July 13, 2024

The Evolution of Typography (Infographic)

Typefaces and fonts are at the forefront of design, whether it be designing a word document for work or designing a Fortune 500 website. The fonts that we choose can determine how we portray ourselves – as an individual or a business. Thanks to our friends over at Finer Hosting, a managed hosting provider, we’ve got an awesome iconographic for you. It presents some of the more common typefaces, what they are, and how to spot them in a crowd of millions.

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Henry Jones is a web developer, designer, and entrepreneur with over 14 years of experience. He is the founder of WDL and ThemeTrust.


  1. el Reply

    As a Venn diagram, this is useless: What do the overlapping areas mean? What typefaces fall into those areas?

    And, despite the hype, how the hell is this going to help me “spot” anything in a crowd of millions?

  2. Domanique Reply

    “an awesome iconographic”???? REALLY?!?!

    This is no better than a glorified grouping of typefaces. What part of this is an “infographic”? The fact that there’s a few statements sitting on a designed background? This is not “awesome” this is TERRIBLE.

    As el stated, the Venn diagram is used to show relationships where a surface area overlaps. What is this showing? That x% of Blackletter typefaces are really Sans-Serif, and that another y% are Serif? What percentage is that? How many Blackletter typefaces are there?

    Why are there difference color circles behind each broad category? What does the color signify? How did the creator figure out the surface area for each category? Did they take a poll at dafont.com or off of their computer? Are they talking about physical typefaces or digital? All of them? Western typefaces? Did they even think to include non-western typefaces? How does Kanji come into this infographic?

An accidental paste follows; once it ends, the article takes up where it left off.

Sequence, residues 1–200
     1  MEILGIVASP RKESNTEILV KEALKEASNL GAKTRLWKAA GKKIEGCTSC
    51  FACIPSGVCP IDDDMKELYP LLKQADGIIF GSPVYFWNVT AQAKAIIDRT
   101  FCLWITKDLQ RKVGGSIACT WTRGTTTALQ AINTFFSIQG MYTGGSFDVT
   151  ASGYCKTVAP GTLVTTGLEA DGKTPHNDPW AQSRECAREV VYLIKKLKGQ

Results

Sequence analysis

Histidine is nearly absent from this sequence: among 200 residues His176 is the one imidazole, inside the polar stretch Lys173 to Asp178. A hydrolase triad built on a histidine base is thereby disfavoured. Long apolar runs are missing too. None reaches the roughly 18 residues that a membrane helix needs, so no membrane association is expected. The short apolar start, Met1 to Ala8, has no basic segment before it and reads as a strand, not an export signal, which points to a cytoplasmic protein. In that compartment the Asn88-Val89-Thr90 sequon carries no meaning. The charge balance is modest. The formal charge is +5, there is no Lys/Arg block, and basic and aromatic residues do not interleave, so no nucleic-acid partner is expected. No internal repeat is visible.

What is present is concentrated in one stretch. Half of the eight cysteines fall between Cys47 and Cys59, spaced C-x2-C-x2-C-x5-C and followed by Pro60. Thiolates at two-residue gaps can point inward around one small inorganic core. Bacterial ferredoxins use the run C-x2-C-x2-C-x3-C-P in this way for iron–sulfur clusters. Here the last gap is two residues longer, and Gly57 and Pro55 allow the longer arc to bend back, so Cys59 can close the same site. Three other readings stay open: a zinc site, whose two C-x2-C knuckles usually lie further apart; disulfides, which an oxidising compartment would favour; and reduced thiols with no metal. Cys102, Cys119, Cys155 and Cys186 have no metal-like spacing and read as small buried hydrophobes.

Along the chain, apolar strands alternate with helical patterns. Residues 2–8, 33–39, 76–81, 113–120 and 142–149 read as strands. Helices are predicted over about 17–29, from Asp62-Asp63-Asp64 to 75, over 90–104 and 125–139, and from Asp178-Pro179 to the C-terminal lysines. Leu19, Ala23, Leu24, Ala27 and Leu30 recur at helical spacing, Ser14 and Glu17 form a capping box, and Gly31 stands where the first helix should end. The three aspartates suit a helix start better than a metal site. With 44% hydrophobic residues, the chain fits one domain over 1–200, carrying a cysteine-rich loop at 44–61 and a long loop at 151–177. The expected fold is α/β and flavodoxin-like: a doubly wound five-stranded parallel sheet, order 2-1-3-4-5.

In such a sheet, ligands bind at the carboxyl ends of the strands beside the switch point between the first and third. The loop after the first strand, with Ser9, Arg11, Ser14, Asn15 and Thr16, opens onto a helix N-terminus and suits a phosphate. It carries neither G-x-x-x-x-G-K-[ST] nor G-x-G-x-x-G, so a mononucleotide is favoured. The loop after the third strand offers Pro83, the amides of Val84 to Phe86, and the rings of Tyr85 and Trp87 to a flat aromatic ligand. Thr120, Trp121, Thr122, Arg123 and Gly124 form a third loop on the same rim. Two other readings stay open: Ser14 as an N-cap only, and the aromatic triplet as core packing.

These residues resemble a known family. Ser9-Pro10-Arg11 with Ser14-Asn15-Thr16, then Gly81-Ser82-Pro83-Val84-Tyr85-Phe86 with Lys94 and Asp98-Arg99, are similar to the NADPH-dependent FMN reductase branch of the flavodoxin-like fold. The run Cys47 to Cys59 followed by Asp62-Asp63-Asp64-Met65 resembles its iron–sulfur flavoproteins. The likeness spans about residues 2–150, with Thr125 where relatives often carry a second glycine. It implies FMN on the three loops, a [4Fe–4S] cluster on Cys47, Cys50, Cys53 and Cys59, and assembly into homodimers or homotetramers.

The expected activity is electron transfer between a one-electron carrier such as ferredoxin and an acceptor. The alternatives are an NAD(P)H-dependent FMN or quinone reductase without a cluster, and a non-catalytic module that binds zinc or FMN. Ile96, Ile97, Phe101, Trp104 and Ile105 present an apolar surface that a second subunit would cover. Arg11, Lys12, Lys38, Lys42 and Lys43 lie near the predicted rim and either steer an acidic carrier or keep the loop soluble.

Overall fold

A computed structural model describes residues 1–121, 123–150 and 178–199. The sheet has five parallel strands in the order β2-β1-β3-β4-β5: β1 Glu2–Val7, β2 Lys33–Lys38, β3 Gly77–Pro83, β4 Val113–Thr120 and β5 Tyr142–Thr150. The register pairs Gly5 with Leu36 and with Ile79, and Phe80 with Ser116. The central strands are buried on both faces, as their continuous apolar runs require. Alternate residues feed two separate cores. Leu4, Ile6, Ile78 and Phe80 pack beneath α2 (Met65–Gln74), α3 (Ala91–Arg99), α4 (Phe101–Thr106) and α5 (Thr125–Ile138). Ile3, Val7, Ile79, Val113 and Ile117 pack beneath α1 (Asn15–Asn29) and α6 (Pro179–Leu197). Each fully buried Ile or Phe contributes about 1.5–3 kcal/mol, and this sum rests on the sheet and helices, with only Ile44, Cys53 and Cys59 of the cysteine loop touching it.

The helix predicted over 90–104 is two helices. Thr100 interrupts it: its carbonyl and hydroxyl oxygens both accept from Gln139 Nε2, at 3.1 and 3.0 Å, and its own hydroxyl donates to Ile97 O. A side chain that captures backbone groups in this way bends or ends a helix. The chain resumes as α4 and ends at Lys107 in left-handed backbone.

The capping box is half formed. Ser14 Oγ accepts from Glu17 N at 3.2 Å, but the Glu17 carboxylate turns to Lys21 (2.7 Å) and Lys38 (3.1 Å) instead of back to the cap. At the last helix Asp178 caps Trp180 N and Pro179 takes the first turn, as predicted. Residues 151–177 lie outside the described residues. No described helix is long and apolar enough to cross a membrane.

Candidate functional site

There are HUGE holes in this infographic. Rather than doing what an infographic ought to do, (display data using graphics) this does nothing but spread disinformation.


    Sorry for the rant, I’m just so sick of people calling designs infographics when it’s just a step up from a children’s book: a statement coupled with a graphic.

  3. Jayk Reply

    Evolution is not equal to linear… evolution would branch off.

    Agreed, however, that the Venn-ness of this doesn’t illustrate evolution… but it’s for grouping purposes. Anybody who actually thinks this is a Venn diagram isn’t paying enough attention.

    It’s quite clear that the evolution is illustrated in the text — old style, transitional, modern… etc.

    1. neabate Reply

      There’s no evolution in the text: Egyptian are older than the rest (of the serif typefaces). “Evolution” should be erased and the colorful Venn diagram… just makes attractive a lazy “infographic”.

  4. Kristof Reply

    Agreed that the overlapping circles are not functional, and that it lacks some essential steps, but still, what Jayk refers to as “grouping” IS an actual evolution.

    Yet it’s not well displayed at all.
    The graphic suggests all typefaces came from blackletters and that sans-serif typefaces would date back to the renaissance, which is completely wrong – let aside that the chosen terms refer to visual rather than historic characteristics of type.

    So I’m with Domanique, it’s no infographic, and it doesn’t display the evolution of type, rather just a rough grouping of styles with colored circles to decorate.

  5. Gerrard Reply

    I don’t see how this was meant to be a Venn Diagram. Neither do I see a big deal in the presentation (good or bad). It appears to simply be nice little nuggets of information about typefaces, arranged in chronological order and sized by popularity. I think the overlapping circles and colors are just there for aesthetics. I’m sure if it was a diagram there would be a key somewhere explaining what the colors and sizes represented and more info on numbers. Some of us are frustrated because we still can’t find an easy enough way to group and sort our font collections lol. If anyone found an easy way please let me know. Thanks!

  6. Gerrard Reply

    By the way, I learned quite a bit from this chart that I didn’t know before. I’m a Graphic Designer by talent, not by formal education so theory on design and related subjects (even in its simplest form) is help for me. I think maybe the artist could’ve used green for the “Script” circle instead of 2 shades of orange. I think in terms of color space we can be misled by the serif and script sections having such a similar hue. I didn’t know about “Blackletter” typefaces until today. Are there any other typeface categories? Where is a good place to learn all about typefaces? Can’t get too much info 🙂

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